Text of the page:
The phone I used was an iPhone 4 so the battery died quickly, and it got so so hot. Even after I connected hotspot to my phone, if it was idle for like 15 minutes, I'd have to reconnect it again if I wanted to use it.
Now that I think about it, I think the policy nowadays is that your network provider will unlock your phone for you but it's something you'd have to go into to do, and not sure if there's an additional service charge for that.
My advice: if your phone is compatible with international SIM cards and you don't mind the trouble of going into your provider's store, and buying a SIM card when you get there, then by all means, go for it. It ended up being about the same price in my experience. I think after experiencing both, I prefer renting a wifi egg at the airport, making it simple and easy!
Below is a post that might be helpful if you're considering which to get.
Some essentials that are in my purse while traveling:
Your travel buddy/buddies can make or break your trip!
Anecdote about how a buddy made my trip: I spent an entire summer in Europe with one other person, who I didn't know very well at the time. We both thought it would be OK/awkward, or worse case scenario being we would not get along... To our surprise, we traveled really well together. We had tons to talk about as we got to know each other, and realised we had very similar travel styles. We butted heads from time to time on money-related issues but they were pretty minor issues in the scope of the entire trip. Towards the end of our trip, the one thing I NEEDED to do in London was watch Les Miserables the musical, and told her I'd meet up with her after the show because I had wanted pretty good seats, which could be costly, but she was down to join me. If you're traveling with someone, and you have a 'must see/do' list, make sure your buddy is okay with tagging along, or okay splitting up and meeting later.
It's always better to over-communicate than not. <-- can be applied in most situations; that's some life advice for you, on the house ;)
Take my quiz below to see if you and your buddy would be a good fit:
I went to Italy back in 2014 for about a full week, exploring Rome, Florence, Venice, and Cinque Terre. Below is a rough guide I put together for some friends who went the following year. It's a bit outdated and may have some grammatical errors but the general information should still stand.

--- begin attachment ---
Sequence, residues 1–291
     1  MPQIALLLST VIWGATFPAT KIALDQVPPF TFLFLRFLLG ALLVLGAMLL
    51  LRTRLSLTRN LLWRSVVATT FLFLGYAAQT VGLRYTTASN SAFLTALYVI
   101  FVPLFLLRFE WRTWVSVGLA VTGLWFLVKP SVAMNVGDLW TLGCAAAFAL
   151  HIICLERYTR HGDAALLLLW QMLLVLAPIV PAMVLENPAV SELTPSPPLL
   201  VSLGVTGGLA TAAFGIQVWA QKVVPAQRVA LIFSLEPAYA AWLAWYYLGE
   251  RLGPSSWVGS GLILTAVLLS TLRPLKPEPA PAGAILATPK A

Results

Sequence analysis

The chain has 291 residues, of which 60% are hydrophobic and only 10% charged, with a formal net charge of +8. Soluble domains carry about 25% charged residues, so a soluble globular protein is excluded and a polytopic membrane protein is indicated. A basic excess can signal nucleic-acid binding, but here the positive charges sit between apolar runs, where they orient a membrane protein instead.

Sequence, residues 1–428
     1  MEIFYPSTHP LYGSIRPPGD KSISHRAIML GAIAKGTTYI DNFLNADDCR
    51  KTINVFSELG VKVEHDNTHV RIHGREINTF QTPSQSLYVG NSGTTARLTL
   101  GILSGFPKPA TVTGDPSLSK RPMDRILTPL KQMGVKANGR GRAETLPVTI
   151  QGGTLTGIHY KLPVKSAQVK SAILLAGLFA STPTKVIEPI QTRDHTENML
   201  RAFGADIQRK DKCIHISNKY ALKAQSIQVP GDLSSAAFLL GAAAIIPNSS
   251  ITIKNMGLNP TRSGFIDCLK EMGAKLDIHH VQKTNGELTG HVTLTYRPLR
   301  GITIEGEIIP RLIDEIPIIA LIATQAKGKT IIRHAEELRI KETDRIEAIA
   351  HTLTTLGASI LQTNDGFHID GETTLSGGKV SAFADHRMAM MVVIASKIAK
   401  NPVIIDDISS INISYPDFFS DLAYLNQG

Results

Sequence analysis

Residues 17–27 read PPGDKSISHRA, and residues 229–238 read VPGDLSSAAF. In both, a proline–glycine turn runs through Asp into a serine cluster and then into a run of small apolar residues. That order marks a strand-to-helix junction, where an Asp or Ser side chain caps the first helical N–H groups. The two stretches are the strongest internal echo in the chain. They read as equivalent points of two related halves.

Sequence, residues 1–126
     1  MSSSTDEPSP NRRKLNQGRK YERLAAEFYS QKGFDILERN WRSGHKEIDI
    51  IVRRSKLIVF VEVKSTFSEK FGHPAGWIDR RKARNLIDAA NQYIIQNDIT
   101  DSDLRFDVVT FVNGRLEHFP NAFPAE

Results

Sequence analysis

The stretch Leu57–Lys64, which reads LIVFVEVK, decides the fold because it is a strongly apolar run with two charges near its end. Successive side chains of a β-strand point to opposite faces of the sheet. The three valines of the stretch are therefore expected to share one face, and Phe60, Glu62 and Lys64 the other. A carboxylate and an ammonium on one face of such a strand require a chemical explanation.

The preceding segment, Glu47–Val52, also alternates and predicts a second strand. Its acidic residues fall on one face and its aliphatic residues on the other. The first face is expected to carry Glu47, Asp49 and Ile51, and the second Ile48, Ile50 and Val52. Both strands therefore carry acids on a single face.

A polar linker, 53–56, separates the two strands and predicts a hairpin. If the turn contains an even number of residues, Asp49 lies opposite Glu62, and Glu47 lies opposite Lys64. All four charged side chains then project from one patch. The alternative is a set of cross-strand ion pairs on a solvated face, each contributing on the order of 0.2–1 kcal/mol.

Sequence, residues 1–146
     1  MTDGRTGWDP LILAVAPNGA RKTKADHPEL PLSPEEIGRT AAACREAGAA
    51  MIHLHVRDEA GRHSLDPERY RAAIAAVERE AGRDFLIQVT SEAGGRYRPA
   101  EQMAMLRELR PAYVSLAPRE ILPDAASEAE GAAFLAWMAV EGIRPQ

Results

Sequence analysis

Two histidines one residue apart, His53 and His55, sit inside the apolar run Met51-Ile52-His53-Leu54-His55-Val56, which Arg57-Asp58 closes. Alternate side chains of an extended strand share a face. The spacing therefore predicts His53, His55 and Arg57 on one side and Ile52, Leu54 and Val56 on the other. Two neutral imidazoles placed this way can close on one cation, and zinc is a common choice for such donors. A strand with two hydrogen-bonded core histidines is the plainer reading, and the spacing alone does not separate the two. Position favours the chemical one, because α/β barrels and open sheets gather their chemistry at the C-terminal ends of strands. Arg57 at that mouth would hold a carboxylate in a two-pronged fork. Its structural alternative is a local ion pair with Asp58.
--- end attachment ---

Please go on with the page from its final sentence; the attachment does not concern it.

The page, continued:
Also super important to note: I didn't have a ton of time to see everything so my mentions are actually pretty limited. Please do check other people's suggestions and itineraries to get better insight. :)
NOT IN THE DOC
The Italian government has launched a free wifi app called Wifi Italia. I don't expect it to be great Internet, but it's free + I'm sure the government will work on making it better and faster in years to come.
Comments are open for suggestions and discussion.
[separate post coming on what I pack in my travel purse...]
We picked up our rental car at the airport (both times I went to Portland I got a rental car so I'm unsure of the experience taking public transportation). Generally, it was pretty easy for us to find parking in Portland and actually only paid for parking when we went Downtown. Other places had like 1-2 hour free parking or it was past the meter operations times so it was free.
Heart Coffee SW - Super cute and aesthetic, huge windows to bring in natural light, consistent coffee. They also had personal tables outside. Ideal place to spend some alone time or to do some light reading.
We walked about half a mile to a Blue Star to get some pre-breakfast donuts (very normal). One Blueberry Basil because it's a classic and we basic, and one Buttermilk Old Fashion because, old fashion donuts are the best. I don't mean to hype it up, but the Buttermilk Old Fashion is the best old fashion I've ever had.
Breakfast @ Maurice. I had no idea what to expect. We got their open faced sandwich (daily special) that included shrimp in a white sauce, greens, grapes, and roe. Even when I got the food I didn't know what to expect, but when I took a bite, I was thoroughly impressed and pleased with the taste of it. We didn't get a chance to try anything else but their desserts and pastries looked really good so I'd recommend trying that!
We walked around SW until it was time to check into our AirBnB in NE where we knocked out for a bit before we were so tired, not to mention that the weather was high-80s.